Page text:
Today I thought I'd throw out a tip of the day for small band directors. I won't claim to be a phenomenal band director but I've had to get creative everywhere I've been and I thought I'd share the smidgeon that I know. Today's tip concerns guitars.
If you have a guitar in your band, and you should its 2013 after all, then you can easily use them to cover the oboe part. Lets face it, the odds of finding a guitar player are way higher than finding an oboe player in a rural school. And truthfully with the way music programs are shrinking I don't feel that we can turn guitar players away. I have two. Depending on the piece I have them either cover the missing oboe part, missing bell parts, or occasionally double the flutes. It's a very versatile instrument with a wide range. The other advantage is that guitars tune way better than oboes.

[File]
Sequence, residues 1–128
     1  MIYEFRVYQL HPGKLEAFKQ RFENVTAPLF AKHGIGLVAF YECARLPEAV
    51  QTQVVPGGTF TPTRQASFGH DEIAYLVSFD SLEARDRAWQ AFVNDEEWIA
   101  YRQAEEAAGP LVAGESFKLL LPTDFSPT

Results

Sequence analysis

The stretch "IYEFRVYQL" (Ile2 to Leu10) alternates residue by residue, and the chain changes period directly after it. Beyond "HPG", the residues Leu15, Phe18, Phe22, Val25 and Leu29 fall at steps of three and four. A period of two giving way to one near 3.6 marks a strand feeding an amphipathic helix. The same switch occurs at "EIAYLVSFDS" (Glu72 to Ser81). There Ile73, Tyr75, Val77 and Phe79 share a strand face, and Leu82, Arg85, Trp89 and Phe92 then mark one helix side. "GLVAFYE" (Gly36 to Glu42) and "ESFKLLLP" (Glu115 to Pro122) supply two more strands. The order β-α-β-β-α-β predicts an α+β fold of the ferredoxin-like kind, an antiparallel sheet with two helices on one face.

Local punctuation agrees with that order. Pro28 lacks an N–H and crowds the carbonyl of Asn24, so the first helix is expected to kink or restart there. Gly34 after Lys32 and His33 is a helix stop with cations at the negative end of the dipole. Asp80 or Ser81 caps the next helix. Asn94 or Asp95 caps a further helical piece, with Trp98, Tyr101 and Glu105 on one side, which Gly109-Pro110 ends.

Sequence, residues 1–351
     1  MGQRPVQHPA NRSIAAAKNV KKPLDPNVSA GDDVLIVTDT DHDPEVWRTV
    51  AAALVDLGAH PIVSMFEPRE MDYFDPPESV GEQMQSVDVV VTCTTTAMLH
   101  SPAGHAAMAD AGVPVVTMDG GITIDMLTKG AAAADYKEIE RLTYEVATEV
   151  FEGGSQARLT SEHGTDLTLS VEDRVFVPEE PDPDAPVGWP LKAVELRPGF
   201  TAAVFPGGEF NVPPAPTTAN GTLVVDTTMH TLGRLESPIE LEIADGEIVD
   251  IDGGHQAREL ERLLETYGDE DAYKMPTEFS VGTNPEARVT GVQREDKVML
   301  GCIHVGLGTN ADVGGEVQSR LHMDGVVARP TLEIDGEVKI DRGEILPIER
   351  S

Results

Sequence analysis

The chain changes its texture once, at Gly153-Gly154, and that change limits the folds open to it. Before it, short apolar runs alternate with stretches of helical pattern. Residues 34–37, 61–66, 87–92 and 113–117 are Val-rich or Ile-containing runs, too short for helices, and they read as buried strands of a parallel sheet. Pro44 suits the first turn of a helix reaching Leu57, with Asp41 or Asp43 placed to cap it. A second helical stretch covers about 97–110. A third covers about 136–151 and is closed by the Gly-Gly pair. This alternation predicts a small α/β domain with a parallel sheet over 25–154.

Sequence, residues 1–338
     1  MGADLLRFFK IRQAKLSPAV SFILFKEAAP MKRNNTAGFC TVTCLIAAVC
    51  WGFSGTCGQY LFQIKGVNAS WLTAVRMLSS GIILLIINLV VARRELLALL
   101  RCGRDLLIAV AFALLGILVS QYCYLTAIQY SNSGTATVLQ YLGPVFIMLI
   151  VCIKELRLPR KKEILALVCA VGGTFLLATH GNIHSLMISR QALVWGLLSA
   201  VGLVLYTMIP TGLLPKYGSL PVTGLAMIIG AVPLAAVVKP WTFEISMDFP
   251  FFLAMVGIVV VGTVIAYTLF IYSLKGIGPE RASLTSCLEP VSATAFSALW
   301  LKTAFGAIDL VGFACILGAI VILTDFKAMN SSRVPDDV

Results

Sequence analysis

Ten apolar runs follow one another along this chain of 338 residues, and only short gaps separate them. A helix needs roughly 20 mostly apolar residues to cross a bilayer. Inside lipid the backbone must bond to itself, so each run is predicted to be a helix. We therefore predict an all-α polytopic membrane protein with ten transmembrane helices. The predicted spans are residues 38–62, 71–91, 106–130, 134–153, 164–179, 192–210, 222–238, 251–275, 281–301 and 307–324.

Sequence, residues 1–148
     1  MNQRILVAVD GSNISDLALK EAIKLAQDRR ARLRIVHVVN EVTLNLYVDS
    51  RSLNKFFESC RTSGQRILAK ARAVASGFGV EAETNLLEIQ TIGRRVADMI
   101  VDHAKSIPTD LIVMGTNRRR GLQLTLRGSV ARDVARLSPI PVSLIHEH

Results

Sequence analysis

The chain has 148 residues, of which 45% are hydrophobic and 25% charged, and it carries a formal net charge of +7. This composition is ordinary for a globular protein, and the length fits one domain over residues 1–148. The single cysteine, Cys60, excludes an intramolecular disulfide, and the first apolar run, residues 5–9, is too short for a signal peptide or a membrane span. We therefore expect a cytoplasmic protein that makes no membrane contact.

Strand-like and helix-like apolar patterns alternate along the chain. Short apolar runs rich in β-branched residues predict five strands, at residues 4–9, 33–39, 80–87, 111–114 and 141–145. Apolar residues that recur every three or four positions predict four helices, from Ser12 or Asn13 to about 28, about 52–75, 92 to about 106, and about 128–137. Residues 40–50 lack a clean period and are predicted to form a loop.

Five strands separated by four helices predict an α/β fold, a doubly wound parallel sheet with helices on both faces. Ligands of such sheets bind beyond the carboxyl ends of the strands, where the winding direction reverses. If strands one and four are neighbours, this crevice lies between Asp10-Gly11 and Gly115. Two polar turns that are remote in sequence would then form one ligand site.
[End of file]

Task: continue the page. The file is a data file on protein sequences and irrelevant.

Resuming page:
If you have an electric bass, and I really think you should as it adds tremendous depth, then you can use them to double the trombones, baritones, or the bassoon. Some pieces will have a part for a stand up bass and quite a few publishers have started publishing stand tunes with bass parts. Tuba parts don't work as well since they're written an octave down from where the guitar plays. If there isn't a bass part I tend to assign them to the bassoon part. If the piece doesn't call for a bassoon I go for either the trombone or baritone depending on whichever closest matches the tuba line.
If you'd like more tips on using guitars in your band then check out my book "Three Chords and Prayer". It's available on Amazon, Barnes and Noble, Teachers Pay Teachers and Smashwords. Check it out. Help me spread the word. Feel free to share your own tips in the comments section.